Finding and Underlining Topic
Sentences and Main Ideas
Identify the topic sentence.
These people often stay late at the office even if they are not
paid extra to do so. On weekends, they think about their
jobs—trying to solve a problem, worrying about a client, or
planning for Monday. If you ask them to explain, they will
probably tell you that they love working, that many aspects of
their job are fun. It doesn’t matter whether they are the
heads of companies or clerks at a local flower shop. What
matters is the match between their passion, interests,
personalities, and the work they do. A few lucky people have
found for themselves what many seek—the perfect job.
--Jared Barnes, Job Watch
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Slide 12
Steps for Writing
an Effective Paragraph
1.
2.
3.
4.
5.
6.
7.
8.
9.
Narrow the topic.
Write the topic sentence.
Brainstorm ideas for the body.
Select and drop ideas.
Group related ideas.
Write your first draft.
Reread and revise.
Neatly rewrite the final draft.
Proofread.
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Slide 13
Help! Topic Sentence Repair Needed
Evaluate and revise these topic sentences:
1. This paragraph will cover procrastination.
2. Exercise is an important topic.
3. Ways to lose weight.
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Slide 14
Revision Checklist
• Check your topic sentence. Revise if it’s
incomplete or unclear.
• Check for adequate support. Add facts and
details where needed.
• Check for unity. Drop words and
sentences that don’t support the main idea.
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Slide 15
Revising for Support
Check this paragraph for adequate support. Then
rewrite it, dropping repetitious words or sentences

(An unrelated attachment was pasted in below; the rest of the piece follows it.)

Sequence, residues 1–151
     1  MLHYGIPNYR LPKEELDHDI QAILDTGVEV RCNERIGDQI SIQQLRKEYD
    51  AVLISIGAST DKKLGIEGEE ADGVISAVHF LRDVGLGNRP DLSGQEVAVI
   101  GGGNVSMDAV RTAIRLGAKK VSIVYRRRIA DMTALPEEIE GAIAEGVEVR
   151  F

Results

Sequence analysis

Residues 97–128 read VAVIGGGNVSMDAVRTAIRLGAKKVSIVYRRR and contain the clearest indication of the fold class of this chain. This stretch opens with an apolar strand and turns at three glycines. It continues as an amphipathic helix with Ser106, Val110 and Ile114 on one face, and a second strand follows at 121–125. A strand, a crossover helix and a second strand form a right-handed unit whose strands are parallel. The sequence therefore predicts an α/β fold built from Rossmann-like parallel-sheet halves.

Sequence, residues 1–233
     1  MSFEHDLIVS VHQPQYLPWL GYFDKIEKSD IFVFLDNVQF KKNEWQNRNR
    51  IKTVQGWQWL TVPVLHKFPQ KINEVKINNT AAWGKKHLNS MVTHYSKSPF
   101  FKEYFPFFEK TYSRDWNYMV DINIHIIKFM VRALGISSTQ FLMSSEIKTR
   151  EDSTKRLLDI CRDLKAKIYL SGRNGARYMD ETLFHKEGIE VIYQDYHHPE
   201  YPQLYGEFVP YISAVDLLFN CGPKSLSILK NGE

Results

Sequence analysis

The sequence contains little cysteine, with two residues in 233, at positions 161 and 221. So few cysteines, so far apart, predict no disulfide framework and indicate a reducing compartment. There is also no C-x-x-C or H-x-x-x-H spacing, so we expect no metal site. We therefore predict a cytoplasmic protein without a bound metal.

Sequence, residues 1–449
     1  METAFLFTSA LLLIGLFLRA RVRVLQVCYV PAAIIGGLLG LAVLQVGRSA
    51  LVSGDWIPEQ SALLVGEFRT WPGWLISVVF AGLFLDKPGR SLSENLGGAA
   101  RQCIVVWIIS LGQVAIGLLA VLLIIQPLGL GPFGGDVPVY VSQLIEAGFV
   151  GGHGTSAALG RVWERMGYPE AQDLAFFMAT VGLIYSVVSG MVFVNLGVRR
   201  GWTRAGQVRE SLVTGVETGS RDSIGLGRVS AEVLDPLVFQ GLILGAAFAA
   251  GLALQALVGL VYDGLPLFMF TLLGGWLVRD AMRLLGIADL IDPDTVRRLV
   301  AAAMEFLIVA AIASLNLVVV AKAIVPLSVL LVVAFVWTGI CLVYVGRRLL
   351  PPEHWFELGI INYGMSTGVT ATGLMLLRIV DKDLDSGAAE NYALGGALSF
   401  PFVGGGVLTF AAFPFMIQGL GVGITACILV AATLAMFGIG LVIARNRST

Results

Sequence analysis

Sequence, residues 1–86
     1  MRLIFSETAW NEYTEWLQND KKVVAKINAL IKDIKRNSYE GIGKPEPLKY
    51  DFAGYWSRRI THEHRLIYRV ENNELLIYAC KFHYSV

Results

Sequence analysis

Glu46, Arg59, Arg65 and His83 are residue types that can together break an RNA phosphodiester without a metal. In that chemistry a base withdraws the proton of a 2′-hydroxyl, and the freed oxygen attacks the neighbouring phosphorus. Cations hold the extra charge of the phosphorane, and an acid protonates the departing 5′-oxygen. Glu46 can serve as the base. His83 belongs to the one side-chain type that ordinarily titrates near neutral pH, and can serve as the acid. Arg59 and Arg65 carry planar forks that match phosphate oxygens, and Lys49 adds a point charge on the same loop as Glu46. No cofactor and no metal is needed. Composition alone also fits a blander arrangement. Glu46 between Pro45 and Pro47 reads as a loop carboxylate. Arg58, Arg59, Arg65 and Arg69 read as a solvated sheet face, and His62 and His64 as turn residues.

and inventing facts and details if necessary.
(1) Lending money to a friend can have negative
consequences. (2) For example, Ashley, a
student at Tornado Community College, agreed to
lend $200 to her best friend, Jan. (3) This was a
bad decision even though Ashley meant well. (4)
The results of this loan were surprising and
negative for Ashley, for Jan, and for the friendship.
(5) both women felt bad about it but in different
ways. (6) Yes, lending money to a friend can
have very negative consequences, like anger and
hurt.
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Slide 16
Peer Feedback Sheet
To____________________From_______________________Date__________
1. What I like about this piece of writing is ___________________________.
2. Your main point seems to be _____________________________________.
3. These particular words or lines struck me as powerful:
Words or lines
I like them because
_____________________________
_____________________________
_____________________________
_____________________________
4. Some things aren’t clear to me. These lines or parts could be improved
(meaning not clear, supporting points missing, order seems mixed up,
writing not lively):
Lines or parts
Need improving because
______________________________ ______________________________
______________________________ ______________________________
5. The one change you could make that would make the biggest improvement in
this piece of writing is ______________________________________.
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Slide 17
Checklist: The Process of
Writing Basic Paragraphs
1. Narrow the topic.
2. Write a clear topic sentence
3. Freewrite or brainstorm, generating facts, details,
and examples.
4. Select ideas for the body of the paragraph.
5. Arrange ideas in a plan or an outline.
6. Write the best first draft you can.
7. Conclude. Don’t just leave the paragraph hanging.
8. Revise as necessary, checking your paragraph for
support and unity.
9. Proofread for errors.
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Slide 18
Coherence Through Order
TIME ORDER
• Also known as chronological order
• Suited to stories, histories, instructions
• Includes key words like first, then, next, etc.
• Topic sentence can be implied
SPACE ORDER
• Used in descriptions of people, places, things
• Top to bottom, left to right, front to back, etc.
• Includes key words like near, around, on, etc.
• Topic sentence can be implied
ORDER OF IMPORTANCE
• Most to least important (or vice versa), smallest to largest (or